Sunday, May 2, 2010

Bhavnagar War Fund Postcard - WWI India


Today's item is based on war fund postcard issued by Princely State of Bhavnagar during WWI. Bhavnagar was a princely state during British India, part of formerly western (Kathiawar) India states agency which later merged into Saurashtra and now part of Gujarat state of Modern India.

Bhavnagar was ruled by Colonel HH Maharaja Raol Shri Sir Bhavsinhji II Takhatsinhji Shaib 1896/1919, born 26th April 1875, during WWI. Initially, the Maharaja was entitled to a salute of 11 guns and was awarded a K.C.S.I (Knight Commander of the Order of the Star of India) on 24th June 1904. During WWI, based on his generous contribution, he was upgraded to 13 gun salute.

The Maharaja was known to be a modern ruler and a great supporter of female emancipation. He promoted monogamy, advanced education and abolished "purdah". He also instituted "Bhavnagar War Hospital Medal" in 1916 to commemorate services on board and treatment in the War Hospital during the Great War 1916-1918. The medal was awarded in two classes (1. Silver Medal, and 2. Bronze Medal).

On his personal front, he married 1stly, 1893, HH Maharani Dev Kunverba Sahiba, daughter of HH Maharaja Shri Mansinhji Prithvirajji of Baria, and his wife, HH Maharani Chandra Kunverba Sahiba but he had no issue with his first wife. After he was awarded K.C.S.I., British Govt. granted him a sanad authorizing adoption, and the succession of his throne. Finally, he married 2ndly, 1905, HH Maharani Nand Kunverba Sahiba, daughter of Thakur Raisinhji Jijibhai of Khirasra, and had issue.

Like the Maharaja, H.H. Maharani Shri Nandkunverba Sahiba was also very active on war front. She was granted CI (the imperial order of the crown of India) on 12th December 1911 and awarded KIH (Kaiser-i-Hind) Medal 1st Class on 1st January 1917 due to her distinguished service in the advancement of the interests of the British Raj.

There are set of 5 postcards issued during WWI by order of Her Highness Nandkunverba, C.I., Maharani of Bhavnagar, for the benefit of the War Fund. Four of such postcards show soldiers awarded for their bravery while fifth one shows seal of different rulers of Bhavnagar.

Shown above is 1st of such postcard issued with photograph of Sepoy Khudadad. The photograph carries text below as Sepoy Khudadad, V.C., 129th Baluchis, Won the V.C. for great bravery in action at Hollebeke. The same text is also printed on right side of postcard in Hindi.

For those who don't know, Khudadad Khan was born in Dabb Village, Punjab State, of now Pakistan. When war broke out he joined the Army as a Sepoy or Private soldier and served with the 129th (Duke of Connaught’s Own) Baluchis as a machine gunner. In October 1914 his regiment was sent to the front line in France to help exhausted British troops. The Baluchi’s were pushed back by the Germans and all the gunners were killed apart from Khan who was badly wounded. For his bravery in France and his involvement in preventing the German Army reaching vital ports, Khan received the Victoria Cross on 31st October 1914. He was the first native-born Indian to receive this honour. He died in 1971.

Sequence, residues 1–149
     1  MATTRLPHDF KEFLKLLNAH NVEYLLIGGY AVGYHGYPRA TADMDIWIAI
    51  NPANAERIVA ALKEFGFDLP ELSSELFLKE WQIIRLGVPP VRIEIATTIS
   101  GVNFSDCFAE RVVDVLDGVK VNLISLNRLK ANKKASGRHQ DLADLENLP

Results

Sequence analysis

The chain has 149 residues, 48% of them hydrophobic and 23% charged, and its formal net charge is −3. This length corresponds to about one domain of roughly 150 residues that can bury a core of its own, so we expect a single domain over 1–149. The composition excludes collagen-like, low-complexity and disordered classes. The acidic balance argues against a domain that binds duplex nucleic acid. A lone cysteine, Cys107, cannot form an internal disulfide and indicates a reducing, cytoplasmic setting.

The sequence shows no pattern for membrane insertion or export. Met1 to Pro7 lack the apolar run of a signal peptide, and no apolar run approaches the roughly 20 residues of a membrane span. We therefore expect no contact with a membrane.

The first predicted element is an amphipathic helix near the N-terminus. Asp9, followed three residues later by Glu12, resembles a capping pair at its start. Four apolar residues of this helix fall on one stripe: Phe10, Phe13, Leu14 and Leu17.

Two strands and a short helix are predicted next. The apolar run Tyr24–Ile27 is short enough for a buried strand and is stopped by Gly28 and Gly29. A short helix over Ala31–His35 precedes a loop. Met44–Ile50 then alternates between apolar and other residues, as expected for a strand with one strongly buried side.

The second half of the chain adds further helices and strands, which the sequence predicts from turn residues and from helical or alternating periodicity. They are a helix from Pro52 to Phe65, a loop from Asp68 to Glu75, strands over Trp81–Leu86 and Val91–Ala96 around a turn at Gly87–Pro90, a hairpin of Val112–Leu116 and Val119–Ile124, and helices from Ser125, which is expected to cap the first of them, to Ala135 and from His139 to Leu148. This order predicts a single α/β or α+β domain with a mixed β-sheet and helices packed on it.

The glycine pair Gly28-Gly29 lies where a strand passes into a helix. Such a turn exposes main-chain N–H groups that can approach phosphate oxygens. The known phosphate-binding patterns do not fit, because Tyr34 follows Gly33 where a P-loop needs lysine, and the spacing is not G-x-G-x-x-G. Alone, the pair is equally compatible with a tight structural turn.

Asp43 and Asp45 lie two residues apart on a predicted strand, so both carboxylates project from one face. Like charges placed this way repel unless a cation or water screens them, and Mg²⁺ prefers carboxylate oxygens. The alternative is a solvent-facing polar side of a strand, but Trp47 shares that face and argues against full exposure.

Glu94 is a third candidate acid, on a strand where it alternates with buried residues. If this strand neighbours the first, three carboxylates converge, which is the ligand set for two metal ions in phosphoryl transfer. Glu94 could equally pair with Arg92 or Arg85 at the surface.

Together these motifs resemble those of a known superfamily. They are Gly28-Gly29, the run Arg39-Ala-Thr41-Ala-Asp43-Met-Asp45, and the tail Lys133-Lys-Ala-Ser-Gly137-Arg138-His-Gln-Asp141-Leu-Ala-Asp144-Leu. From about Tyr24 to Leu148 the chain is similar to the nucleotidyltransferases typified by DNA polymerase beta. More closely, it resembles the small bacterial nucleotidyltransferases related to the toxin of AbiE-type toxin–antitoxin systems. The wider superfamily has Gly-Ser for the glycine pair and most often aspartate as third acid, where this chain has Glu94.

The 2nd postcard depicts Sepoy Chhattar Singh. The text states: Sepoy Chhattar Singh, V.C., of the 9th Bhopal Infantry. Right side of same postcard reads in English and Hindi both:

A Rajput V.C.

"For most conspicuous bravery and devotion to duty in leaving cover to assist his Commanding Officer who was lying wounded and helpless in the open. Sepoy Chhattar Singh bound up the officer's wound and dug cover for him with entrenching tool, being exposed all the time to heavy rifle fire. For five hours until nightfall he remained beside the wounded officer shielding him with his own body on the exposed side. He then under cover of darkness went back for assistance and brought the officer into safety."

Above looks like an official award statement. He was awarded on 13 January 1916. Here is more information on 9th Bhopal Infantry's war adventure.

9th Bhopal - usually referred to as the Bo-Peeps – were in Flanders in October 1914. In the late afternoon of a cold, wet, late autumn day, the Bhopals went to the aid of the remnants of a British battalion near Neuve Chapelle. Still in cotton-drill, they had their first encounter with trenches and barbed wire and stayed, locked in battle for three days without food. Their losses were eleven officers and 262 men. Three days later, at Festubert, they lost a further 200. Remaining in France until May 1915, they then went on to Mesopotamia where a sepoy, Chhattar Singh, earned a Victoria Cross. On return to India, there remained only fifteen of the original who had sailed for France in 1914.

Third postcard shows photograph of Risaldar Mohbat Sinhji. The text reads in English and Hindi as Risaldar Mohbat Sinhji, Bhavnagar Lancers, Imperial Service Troops. Awarded Indian Distinguished Service Medal.

I tried searching some background information via internet on Mohbat Sinhji but failed. If someone can share some more details on his war services then it will be great.

This is fourth such postcard showing photograph of Jemadar Mir Dast. The text reads in English and Hindi both as: Jemadar Mir Dast, V.C., I.O.M. (Indian Order of Merit (Military)), 57th Wilde's Rifles. Won the V.C. for great bravery in the fighting around Ypres.

Mir Dast was awarded Victoria Cross on 26th April 1915 for his bravery in battle of Ypres, Belgium.

The last postcard in this series show state seals of the Former Rulers of the State of Bhavnagar starting from 1703 to 1896.

Princely state of Bhavnagar finally acceded to the Union of India on Feb.15, 1948.

1 comment:

prashant said...

a nice blog, glad i stumbled on it.
the frequency of posting too is regular, and this attracts repeat visitors.

Keep it up

prashantn

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